Not My Journey...


...this reminder was told to me today in a hospital room.  (CCU to be exact.)  This words came from a very wise woman.  (Obviously NOT me.)

It's a reminder that each of us have our own journeys.  We may have people who join us and stand by us on this journey, but ultimately our journey is our own and no one else's.

Let me be blunt, my father is dying.  That does not mean he is going to die today, tomorrow, next week...well you get the idea.  To be realistic, from the moment we are born, we are dying.  From the instant we come out of the womb, we are crawling slowly (or perhaps not so much) towards the inevitable end.

My father has faced many health challenges.  There was a quadruple bypass surgery back in the late 1990s.  Then in about 2014 he got a serious infection that landed him in the hospital for weeks.  After that his health was a bit more precarious.  A simple blister on a toe, which wasn't felt due to neuropathy, lead to infection and in many cases amputation. Neuropathy in the feet became neuropathy in the lower legs.  There was arthritis in the hip.  There was spinal stenosis. Issues with his manual dexterity.  None of which got better with age.  And with his heart issues and advanced age, there was no simple surgery that could solve any or all of the problems.

He's relied more and more on his sleep chair.  It was the place where he was most comfortable.  He relied on a walker to get from one room to the next, which became more and more difficult.  Until he fell in January of this year and despite the fact that no bones were broken, walking, even with a walker, became next to impossible.

Pressure ulcers became inevitable and lead to the path that he's been on since February.  There have been infections, hospitalizations, discharge to home, hospitalization, discharge to rehabilitation facility, hospitalization, discharge to  a different rehabilitation facility and hospitalization.  That's not a fun journey.  Not for him and not for me as I made the decision to come down at least once a week to check in and take care of "chores" (like paying bills).

When I got the call the other day that he was being sent to the hospital again because of a high fever and unresponsiveness, it looked like the journey was at an end.  I listened with care to the palliative care nurse as she reviewed his vitals and the overall situation.  I made plans to take the next day off.  And then at the end of the day, his caregiver called me. She put him on the phone and he sounded...fine! His voice seemed strong (or at least stronger than the last time I had spoken to him) and he was alert.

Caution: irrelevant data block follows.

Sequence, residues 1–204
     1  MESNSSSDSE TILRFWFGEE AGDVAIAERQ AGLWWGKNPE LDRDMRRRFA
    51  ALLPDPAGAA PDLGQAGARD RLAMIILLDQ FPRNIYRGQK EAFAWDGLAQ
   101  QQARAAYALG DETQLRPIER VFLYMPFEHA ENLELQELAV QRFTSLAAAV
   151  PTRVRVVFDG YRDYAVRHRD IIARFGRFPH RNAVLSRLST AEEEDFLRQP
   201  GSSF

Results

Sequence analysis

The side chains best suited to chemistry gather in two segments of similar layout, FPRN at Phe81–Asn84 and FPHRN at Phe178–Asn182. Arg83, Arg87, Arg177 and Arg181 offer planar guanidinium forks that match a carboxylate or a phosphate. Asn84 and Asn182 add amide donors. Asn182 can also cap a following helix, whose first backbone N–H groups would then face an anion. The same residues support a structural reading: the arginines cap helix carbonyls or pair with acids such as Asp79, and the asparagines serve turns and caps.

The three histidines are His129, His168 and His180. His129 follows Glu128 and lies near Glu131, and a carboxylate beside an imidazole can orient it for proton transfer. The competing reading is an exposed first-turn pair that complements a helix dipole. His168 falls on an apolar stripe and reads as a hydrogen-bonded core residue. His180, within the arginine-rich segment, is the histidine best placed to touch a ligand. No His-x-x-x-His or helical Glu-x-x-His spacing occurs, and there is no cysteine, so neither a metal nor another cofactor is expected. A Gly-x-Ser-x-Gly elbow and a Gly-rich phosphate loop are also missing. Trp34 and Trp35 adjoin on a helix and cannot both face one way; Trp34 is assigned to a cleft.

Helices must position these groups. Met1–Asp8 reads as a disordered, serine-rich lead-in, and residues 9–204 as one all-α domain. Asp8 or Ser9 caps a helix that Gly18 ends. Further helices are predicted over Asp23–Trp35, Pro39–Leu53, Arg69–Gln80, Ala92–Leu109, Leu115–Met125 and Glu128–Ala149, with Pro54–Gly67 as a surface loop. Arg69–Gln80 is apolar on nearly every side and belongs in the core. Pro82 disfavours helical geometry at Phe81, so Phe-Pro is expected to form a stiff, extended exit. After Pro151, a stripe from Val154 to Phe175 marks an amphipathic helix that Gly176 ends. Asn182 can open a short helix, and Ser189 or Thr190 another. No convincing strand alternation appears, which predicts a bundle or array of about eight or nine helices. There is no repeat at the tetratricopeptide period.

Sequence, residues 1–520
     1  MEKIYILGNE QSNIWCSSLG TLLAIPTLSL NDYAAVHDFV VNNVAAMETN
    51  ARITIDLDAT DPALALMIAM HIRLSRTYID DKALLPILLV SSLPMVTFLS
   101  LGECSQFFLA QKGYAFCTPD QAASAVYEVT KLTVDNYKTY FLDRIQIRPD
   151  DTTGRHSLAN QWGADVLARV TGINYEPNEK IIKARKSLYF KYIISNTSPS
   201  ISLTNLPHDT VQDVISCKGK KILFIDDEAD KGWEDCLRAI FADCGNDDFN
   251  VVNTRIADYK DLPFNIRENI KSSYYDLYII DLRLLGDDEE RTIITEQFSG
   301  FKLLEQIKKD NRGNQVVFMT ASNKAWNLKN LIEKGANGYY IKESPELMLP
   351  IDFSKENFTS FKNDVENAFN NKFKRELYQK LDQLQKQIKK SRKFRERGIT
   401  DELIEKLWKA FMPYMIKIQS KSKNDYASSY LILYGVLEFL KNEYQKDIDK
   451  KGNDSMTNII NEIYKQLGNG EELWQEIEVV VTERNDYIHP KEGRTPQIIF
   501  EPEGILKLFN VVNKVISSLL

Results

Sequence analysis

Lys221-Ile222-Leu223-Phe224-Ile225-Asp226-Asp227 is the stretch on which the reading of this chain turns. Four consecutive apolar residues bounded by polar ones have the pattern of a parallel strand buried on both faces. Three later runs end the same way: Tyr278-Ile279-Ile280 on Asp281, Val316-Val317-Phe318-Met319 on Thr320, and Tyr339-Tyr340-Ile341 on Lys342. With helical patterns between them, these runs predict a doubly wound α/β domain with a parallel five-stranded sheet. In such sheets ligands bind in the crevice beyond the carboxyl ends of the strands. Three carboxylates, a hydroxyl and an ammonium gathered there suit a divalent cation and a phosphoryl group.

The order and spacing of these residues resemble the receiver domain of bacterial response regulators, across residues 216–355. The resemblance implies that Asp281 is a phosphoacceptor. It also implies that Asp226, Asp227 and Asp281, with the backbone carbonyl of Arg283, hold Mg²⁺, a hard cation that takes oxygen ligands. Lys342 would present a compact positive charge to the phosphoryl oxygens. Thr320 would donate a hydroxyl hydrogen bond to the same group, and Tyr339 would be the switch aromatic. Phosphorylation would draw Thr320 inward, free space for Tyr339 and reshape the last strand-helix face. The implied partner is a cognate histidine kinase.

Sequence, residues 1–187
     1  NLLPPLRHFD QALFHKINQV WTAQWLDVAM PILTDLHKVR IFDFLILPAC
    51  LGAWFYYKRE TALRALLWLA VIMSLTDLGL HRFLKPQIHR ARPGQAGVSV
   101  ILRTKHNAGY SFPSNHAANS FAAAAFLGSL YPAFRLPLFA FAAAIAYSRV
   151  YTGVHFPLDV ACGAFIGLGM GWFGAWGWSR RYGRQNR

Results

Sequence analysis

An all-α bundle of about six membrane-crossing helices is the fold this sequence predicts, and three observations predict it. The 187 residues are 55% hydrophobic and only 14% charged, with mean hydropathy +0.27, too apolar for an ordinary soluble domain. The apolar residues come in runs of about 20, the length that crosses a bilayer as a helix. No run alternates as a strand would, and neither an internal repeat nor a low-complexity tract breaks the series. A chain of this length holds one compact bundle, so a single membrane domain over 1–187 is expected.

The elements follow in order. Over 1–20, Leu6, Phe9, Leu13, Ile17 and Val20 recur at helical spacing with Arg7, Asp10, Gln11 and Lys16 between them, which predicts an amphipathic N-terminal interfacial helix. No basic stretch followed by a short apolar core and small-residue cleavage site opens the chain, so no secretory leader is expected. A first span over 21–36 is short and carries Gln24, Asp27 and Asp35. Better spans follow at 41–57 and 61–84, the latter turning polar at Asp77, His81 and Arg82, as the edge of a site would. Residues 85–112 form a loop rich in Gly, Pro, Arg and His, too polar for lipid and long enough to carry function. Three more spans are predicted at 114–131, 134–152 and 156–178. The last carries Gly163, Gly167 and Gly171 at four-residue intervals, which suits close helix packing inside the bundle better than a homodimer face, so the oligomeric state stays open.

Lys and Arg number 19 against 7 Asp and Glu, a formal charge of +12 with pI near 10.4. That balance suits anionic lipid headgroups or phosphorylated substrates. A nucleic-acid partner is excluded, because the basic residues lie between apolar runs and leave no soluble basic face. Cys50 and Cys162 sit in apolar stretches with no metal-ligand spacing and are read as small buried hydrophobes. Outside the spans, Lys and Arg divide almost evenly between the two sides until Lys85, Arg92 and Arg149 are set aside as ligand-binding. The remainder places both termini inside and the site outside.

Nonetheless, I went to see him in the CCU of the hospital.  While his situation is serious and he is mostly spends the day sleeping, I have no idea what might happen next.  He has improved slightly, but his age and overall health mean that these pressure ulcers (again I had no idea that things could become so severe) will never heal.

So while death is inevitable (he is in his late 80s), it doesn't mean that it's just around the corner.  Even though it may have looked that way just the other day.  He may get better and be able to return home.  (Albeit, confined to a special bed/mattress that I will need to have in the house and he will most likely never be able to leave that bed.)  He may get worse.  There is no way of knowing, even with advanced medical knowledge.

And while I admit to being controlling, I cannot control this.  (To be honest most everything is out of my control and I just give myself the illusion that I have control.)  This is his journey, not mine.  I have been there for a long part of it.  I may be there at the end.  I may not be.  I cannot know and I cannot/should not give up my own journey to monitor his.

This is his journey.  I cannot change it.  I cannot alter it.  I can be there to support, but not at the sacrifice of my own life journey.  (This "selfishness" is difficult.)   This is his journey. 


Popular posts from this blog

Not Guilty

Please Don't Ask Me...

Lowe's LIES